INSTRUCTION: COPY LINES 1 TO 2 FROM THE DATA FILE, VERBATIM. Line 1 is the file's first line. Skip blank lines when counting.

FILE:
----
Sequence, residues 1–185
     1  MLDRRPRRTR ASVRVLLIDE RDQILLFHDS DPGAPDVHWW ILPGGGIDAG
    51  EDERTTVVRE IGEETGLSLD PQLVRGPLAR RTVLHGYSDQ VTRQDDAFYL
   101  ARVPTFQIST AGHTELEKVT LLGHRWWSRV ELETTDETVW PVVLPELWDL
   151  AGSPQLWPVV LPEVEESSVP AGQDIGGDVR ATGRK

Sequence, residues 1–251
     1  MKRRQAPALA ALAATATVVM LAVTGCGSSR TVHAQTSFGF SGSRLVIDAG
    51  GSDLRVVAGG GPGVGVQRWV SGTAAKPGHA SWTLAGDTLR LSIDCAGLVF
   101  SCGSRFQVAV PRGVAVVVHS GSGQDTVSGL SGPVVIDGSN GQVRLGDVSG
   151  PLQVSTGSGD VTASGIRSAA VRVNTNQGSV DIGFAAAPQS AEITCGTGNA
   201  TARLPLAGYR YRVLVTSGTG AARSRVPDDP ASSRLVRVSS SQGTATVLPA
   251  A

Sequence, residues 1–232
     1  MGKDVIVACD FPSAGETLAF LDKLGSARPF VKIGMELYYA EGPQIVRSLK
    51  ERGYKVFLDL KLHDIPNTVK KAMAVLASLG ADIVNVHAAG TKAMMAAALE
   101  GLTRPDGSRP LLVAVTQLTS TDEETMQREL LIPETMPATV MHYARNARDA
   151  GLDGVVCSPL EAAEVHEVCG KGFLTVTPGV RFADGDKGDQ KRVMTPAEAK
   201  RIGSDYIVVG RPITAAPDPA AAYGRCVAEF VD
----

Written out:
Sequence, residues 1–185
     1  MLDRRPRRTR ASVRVLLIDE RDQILLFHDS DPGAPDVHWW ILPGGGIDAG